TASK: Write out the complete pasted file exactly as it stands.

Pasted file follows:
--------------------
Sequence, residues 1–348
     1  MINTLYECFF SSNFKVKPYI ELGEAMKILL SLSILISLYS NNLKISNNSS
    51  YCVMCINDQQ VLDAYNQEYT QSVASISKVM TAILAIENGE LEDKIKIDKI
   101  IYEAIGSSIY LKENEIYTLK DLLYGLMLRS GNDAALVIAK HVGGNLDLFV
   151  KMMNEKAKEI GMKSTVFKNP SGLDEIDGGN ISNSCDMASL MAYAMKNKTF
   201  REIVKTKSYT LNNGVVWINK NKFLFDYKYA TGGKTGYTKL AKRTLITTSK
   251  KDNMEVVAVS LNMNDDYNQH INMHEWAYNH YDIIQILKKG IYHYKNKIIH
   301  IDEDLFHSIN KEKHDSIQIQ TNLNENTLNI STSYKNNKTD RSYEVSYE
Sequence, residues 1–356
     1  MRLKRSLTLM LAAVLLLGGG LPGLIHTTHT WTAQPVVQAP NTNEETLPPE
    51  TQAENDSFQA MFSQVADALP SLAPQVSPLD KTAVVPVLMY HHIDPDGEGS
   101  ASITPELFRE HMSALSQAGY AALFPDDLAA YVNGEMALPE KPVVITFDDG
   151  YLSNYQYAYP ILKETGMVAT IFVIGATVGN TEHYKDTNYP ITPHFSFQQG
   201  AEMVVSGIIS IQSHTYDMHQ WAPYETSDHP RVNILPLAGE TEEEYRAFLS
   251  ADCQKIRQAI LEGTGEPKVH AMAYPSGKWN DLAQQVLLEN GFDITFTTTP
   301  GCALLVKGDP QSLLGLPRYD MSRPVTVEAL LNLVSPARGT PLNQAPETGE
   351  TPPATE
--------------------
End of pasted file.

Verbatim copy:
Sequence, residues 1–348
     1  MINTLYECFF SSNFKVKPYI ELGEAMKILL SLSILISLYS NNLKISNNSS
    51  YCVMCINDQQ VLDAYNQEYT QSVASISKVM TAILAIENGE LEDKIKIDKI
   101  IYEAIGSSIY LKENEIYTLK DLLYGLMLRS GNDAALVIAK HVGGNLDLFV
   151  KMMNEKAKEI GMKSTVFKNP SGLDEIDGGN ISNSCDMASL MAYAMKNKTF
   201  REIVKTKSYT LNNGVVWINK NKFLFDYKYA TGGKTGYTKL AKRTLITTSK
   251  KDNMEVVAVS LNMNDDYNQH INMHEWAYNH YDIIQILKKG IYHYKNKIIH
   301  IDEDLFHSIN KEKHDSIQIQ TNLNENTLNI STSYKNNKTD RSYEVSYE
Sequence, residues 1–356
     1  MRLKRSLTLM LAAVLLLGGG LPGLIHTTHT WTAQPVVQAP NTNEETLPPE
    51  TQAENDSFQA MFSQVADALP SLAPQVSPLD KTAVVPVLMY HHIDPDGEGS
   101  ASITPELFRE HMSALSQAGY AALFPDDLAA YVNGEMALPE KPVVITFDDG
   151  YLSNYQYAYP ILKETGMVAT IFVIGATVGN TEHYKDTNYP ITPHFSFQQG
   201  AEMVVSGIIS IQSHTYDMHQ WAPYETSDHP RVNILPLAGE TEEEYRAFLS
   251  ADCQKIRQAI LEGTGEPKVH AMAYPSGKWN DLAQQVLLEN GFDITFTTTP
   301  GCALLVKGDP QSLLGLPRYD MSRPVTVEAL LNLVSPARGT PLNQAPETGE
   351  TPPATE